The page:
Since 2005, all graduates from Kalamazoo public schools who have attended since they were freshmen have been eligible for a scholarship program that sends them to college while they (and our government, for that matter) incur little to no debt at all. Given our country’s looming higher ed bubble, this fact alone makes the Promise a significant achievement. However, Fishman’s article highlights many social gains and lessons worth highlighting here as well. (more…)
The deadline to apply for a scholarship through the Calihan Academic Fellowship program is one month away!
If you or anyone you know are looking for financial aid opportunities for next semester, I invite you to visit the Calihan Academic Fellowship page on Acton’s website for details about this competitive scholarship program. This page is where you can: download the application form and obtain additional information about eligibility, conditions, the selection process, application requirements, and deadlines. To qualify for the upcoming deadline for the 2013 Spring Term, all application materials must be postmarked by October 15.
Tyler Cowen fielded an interesting topic on his blog last week, focusing on economists who are (or were) clergy.
There’s an interesting list, including notables like the Salamancans, Paul Heyne, and Heinrich Pesch. I didn’t realize that Kirzner is a rabbi. Malthus is named first, but as the initial comment on Cowen’s post notes, anytime you mention Malthus you should mention Anders Chydenius in the following breath.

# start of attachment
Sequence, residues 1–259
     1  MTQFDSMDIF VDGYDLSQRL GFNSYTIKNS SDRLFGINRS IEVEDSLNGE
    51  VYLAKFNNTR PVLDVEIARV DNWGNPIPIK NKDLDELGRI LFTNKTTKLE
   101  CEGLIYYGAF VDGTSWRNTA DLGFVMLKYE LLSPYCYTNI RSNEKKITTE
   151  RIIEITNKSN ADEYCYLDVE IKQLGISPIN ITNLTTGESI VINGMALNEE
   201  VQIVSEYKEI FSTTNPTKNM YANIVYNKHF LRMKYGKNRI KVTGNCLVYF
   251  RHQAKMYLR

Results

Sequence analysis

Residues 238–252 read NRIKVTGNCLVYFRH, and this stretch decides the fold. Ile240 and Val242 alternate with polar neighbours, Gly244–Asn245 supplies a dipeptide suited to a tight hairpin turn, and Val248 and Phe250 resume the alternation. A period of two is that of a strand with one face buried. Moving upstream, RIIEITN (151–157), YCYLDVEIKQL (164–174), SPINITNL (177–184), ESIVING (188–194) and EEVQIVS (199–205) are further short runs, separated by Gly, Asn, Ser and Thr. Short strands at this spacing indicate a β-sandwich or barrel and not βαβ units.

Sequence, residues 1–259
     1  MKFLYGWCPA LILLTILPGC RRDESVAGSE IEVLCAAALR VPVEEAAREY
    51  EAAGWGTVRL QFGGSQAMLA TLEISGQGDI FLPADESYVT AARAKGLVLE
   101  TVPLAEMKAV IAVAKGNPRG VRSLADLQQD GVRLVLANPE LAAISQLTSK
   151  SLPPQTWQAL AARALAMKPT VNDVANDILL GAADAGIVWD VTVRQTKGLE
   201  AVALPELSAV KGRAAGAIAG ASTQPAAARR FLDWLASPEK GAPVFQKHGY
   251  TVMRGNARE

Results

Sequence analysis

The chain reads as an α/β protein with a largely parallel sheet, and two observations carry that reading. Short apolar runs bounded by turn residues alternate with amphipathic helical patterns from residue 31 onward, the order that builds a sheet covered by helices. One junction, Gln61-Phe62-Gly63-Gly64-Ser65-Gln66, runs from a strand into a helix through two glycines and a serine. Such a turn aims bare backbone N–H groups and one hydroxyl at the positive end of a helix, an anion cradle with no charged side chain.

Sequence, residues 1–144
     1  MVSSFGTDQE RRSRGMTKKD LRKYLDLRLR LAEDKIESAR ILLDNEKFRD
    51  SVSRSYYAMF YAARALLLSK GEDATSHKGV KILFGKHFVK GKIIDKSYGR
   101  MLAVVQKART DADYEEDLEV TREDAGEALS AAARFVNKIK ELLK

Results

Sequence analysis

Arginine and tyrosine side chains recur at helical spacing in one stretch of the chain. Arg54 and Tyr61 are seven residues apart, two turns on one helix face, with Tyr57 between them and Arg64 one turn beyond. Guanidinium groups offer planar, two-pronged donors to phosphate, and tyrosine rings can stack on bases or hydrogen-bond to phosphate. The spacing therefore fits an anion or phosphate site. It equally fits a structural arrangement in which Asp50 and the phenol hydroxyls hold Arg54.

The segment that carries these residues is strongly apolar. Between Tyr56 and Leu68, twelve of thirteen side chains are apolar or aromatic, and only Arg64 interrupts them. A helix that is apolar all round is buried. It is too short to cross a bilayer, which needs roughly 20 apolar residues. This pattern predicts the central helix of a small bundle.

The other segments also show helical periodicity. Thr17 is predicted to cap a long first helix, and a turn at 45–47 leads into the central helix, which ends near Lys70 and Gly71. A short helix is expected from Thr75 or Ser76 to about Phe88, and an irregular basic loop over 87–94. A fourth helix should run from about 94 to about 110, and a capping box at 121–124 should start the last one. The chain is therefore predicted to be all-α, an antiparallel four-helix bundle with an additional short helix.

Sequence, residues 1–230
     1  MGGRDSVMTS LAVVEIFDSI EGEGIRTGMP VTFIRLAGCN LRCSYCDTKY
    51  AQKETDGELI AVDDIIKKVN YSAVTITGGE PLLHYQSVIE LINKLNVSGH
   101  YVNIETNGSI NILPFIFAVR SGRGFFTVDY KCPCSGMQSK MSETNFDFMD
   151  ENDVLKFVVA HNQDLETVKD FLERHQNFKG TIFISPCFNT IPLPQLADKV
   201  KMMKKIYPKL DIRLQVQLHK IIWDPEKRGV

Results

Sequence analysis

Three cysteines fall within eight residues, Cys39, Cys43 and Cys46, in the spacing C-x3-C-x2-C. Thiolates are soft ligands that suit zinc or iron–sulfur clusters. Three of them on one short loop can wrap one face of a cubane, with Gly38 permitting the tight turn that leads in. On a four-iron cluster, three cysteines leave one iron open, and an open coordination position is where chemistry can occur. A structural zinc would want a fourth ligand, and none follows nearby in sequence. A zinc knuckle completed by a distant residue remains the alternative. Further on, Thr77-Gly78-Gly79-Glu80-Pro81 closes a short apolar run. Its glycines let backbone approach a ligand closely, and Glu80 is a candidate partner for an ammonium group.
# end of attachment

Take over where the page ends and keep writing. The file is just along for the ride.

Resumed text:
How about Edmund Opitz of the Foundation for Economic Education, or even Rodger Charles, S.J., or James Schall? It depends largely on how narrowly you define being an “economist,” of course, as the inclusion of the Salamancan theologians indicates. Being a moral theologian who focuses on ethics and economics might not be enough to qualify. Does being a political philosopher/political economist count? But certainly A. M. C. Waterman should be noted.
And of course it also depends on how narrowly you define “clergy.” As Asher Meir notes in the post, how about non-ordained academic theologians, or economists with theological training (or theologians with economic training)? Then the list would start to get very long, indeed.
Any other names come to mind?
Biola University has recently launched Open Biola, an extensive online collection of free educational content created and curated by the school.
In the lecture, Grabill discusses the biblical basis of the word “economics” and its relation to responsible stewardship of time, family, and resources.